By Mary Giunca
When Dr. Alex Howard arrived on the Appalachian State University campus in 2015 as the first director of Wellness and Prevention Services, he was given the charge of taking a community-based approach to student health.
Two years later, he summarizes his philosophy simply as, “less PowerPoint, more engagement.”
Whether it’s launching a game of Wellness Jeopardy or the new Whole Life Club, a student-led effort to encourage healthy living on campus and make Boone a Blue Zones Project® community, Appalachian staff, faculty and students understand the power of making wellness an enjoyable, and even joyful, part of everyday life.
“All too often on campus, we’ve got people who bore people,” Howard said. “They talk for 45 minutes straight and students are not interested in that. They want to engage with you and the material.”
Howard’s office, which is part of the Division of Student Affairs, has identified eight dimensions of holistic wellness that form a framework for his office’s programs. Those dimensions are:
Data direct the office’s programs, but Howard said he is always looking for the stories behind the numbers. Two years ago, a campus-wide assessment on student health behaviors found that first- generation college students, students of color and lesbian, transgender and gay students were lacking support.
Howard created a position in his office to work with those students to create support groups and other services. One example, A Voice at the Table, is a support group that offers students of color a chance to use poetry to talk about their experiences. Additionally, staff members have been dropping in on coaching sessions in the Student Learning Center to get to know students there.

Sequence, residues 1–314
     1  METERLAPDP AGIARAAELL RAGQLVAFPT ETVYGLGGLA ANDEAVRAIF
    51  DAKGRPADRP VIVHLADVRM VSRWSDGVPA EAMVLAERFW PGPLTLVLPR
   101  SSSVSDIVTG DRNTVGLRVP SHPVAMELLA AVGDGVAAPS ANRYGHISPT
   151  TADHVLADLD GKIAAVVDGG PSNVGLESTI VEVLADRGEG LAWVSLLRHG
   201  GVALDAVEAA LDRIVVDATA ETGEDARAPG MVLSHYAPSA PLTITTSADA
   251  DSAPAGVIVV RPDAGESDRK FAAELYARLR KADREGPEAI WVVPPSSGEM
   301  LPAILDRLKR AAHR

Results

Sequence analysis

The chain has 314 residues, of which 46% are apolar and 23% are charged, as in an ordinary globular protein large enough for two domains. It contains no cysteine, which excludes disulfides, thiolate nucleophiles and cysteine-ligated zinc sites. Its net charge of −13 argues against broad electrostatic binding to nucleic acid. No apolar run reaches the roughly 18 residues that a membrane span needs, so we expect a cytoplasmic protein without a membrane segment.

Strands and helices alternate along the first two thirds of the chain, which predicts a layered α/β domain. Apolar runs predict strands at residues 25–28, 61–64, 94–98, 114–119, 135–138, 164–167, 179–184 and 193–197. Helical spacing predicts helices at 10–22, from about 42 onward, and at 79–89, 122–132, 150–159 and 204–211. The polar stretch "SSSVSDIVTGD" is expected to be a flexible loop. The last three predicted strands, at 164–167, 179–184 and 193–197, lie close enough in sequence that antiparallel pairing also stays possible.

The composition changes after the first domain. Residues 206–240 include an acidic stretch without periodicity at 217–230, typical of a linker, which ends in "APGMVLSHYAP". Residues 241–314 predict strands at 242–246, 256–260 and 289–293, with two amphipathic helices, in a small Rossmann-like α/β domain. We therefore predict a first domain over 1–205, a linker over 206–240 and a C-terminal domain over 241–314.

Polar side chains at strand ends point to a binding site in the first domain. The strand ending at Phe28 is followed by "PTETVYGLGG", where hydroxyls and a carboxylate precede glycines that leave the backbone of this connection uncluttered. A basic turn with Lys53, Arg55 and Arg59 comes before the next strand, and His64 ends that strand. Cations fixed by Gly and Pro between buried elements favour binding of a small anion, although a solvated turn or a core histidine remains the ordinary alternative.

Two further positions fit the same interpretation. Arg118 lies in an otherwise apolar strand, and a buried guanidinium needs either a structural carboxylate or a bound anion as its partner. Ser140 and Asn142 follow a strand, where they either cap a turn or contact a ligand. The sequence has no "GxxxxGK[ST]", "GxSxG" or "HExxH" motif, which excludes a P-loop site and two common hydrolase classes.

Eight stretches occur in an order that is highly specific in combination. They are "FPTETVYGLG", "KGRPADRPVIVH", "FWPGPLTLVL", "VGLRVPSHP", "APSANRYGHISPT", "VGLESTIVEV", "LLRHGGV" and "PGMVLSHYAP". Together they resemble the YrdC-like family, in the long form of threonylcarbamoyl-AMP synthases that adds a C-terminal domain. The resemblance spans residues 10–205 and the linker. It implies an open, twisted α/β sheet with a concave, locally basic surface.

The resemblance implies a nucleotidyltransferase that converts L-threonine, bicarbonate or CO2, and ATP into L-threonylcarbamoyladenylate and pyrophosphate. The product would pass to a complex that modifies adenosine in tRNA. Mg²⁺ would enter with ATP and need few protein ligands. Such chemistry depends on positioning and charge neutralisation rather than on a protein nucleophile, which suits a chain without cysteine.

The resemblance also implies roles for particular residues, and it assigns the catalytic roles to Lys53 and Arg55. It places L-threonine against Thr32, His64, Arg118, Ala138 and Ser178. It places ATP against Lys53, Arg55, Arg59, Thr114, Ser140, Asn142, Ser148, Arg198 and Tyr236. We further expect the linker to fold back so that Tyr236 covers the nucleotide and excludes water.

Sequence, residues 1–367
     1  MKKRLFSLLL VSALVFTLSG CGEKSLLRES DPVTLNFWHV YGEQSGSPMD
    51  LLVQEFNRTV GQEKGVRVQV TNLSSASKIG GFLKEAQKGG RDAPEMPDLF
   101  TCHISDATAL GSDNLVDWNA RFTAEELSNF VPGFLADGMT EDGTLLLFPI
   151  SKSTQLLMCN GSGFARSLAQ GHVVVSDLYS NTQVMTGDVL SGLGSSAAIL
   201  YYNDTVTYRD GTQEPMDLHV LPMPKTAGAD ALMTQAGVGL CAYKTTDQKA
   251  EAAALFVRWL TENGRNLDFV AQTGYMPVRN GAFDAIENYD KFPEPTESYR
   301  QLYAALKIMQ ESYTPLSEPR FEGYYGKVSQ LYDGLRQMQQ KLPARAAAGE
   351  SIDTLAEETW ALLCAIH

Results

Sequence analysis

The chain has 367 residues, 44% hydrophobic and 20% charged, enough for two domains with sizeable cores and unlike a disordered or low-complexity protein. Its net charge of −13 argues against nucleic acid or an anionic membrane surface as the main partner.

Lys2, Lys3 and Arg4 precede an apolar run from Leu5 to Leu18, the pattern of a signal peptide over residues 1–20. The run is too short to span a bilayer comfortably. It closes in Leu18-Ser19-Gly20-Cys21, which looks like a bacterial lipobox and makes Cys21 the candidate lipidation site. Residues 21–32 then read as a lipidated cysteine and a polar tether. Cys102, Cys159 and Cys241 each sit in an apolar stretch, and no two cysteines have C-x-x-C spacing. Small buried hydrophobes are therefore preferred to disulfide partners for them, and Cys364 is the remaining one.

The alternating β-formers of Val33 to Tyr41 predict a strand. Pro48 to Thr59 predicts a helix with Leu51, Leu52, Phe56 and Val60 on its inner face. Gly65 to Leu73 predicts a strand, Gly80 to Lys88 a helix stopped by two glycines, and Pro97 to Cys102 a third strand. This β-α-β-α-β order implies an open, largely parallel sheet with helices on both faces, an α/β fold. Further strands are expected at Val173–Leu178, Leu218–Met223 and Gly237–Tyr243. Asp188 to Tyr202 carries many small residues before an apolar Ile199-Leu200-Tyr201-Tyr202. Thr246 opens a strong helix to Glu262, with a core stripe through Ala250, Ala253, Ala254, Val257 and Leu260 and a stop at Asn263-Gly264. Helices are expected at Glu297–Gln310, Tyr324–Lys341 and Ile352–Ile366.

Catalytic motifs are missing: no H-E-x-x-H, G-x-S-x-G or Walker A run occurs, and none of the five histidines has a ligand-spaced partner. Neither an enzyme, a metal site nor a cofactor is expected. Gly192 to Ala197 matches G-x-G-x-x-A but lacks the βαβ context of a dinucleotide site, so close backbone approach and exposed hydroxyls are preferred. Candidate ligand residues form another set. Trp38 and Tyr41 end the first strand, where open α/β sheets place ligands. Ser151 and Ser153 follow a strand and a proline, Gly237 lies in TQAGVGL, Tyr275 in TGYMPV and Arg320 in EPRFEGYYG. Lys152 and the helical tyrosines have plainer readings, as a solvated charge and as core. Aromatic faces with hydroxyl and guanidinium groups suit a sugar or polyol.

“Everyone in this office is present at different student activities,” Howard said. “We’re involved in clubs and organizations. We’re constantly getting feedback.”
Data also directed Howard to make changes to Repost: Rethink, a suicide-prevention program. Student feedback identified Elisabeth Cavallaro as the most engaging of the program’s educators and asked for less of a lecture format.
Cavallaro, coordinator for student mental wellness, is also an avid gamer in her spare time and incorporated some of the techniques she enjoys when she plays trivia games. Cavallaro divided students into teams that received points for correct answers, converted various sections of the lecture into rounds of information and discussion, and added a bonus round of questions at the end of the evening.
Harnessing the power of peer-to-peer education led the office to create Wellness Educators for Change, Advocacy and student Needs (WE CAN). The department also houses the Red Flag Educators. These students host a number of activities, such as Take Back the Night, which is dedicated to ending all forms of violence.
Sydney Hobart, a senior from Matthews majoring in cellular/molecular biology, said she got involved in the program because the peer educators were so visible on campus.
“I think peer education is so beneficial and successful the way we do it here,” she said. “As college students, we tend to learn things better outside of the classroom from our peers. It’s more comfortable talking about mental or sexual health with our peers.”
The Whole Life Club is another campus effort to encourage student health. The club offers activities such as vegan meals and free yoga classes and is also working to raise funds to bring a Blue Zones Project® representative to Boone to discuss how the community could become part of a worldwide network of places that emphasize healthy living. The Blue Zones Project® offers guidelines developed by researcher Dan Buettner, who identified five places in the world where people have longer lifespans and enjoy good health into advanced age.
This fall Howard’s office will build on the success of its Wellness Jeopardy to launch a weekly trivia series on campus.
“We have got to entertain,” Howard said. “It’s very easy to put together a PowerPoint presentation, but as educators we have to do something out of our comfort zone.”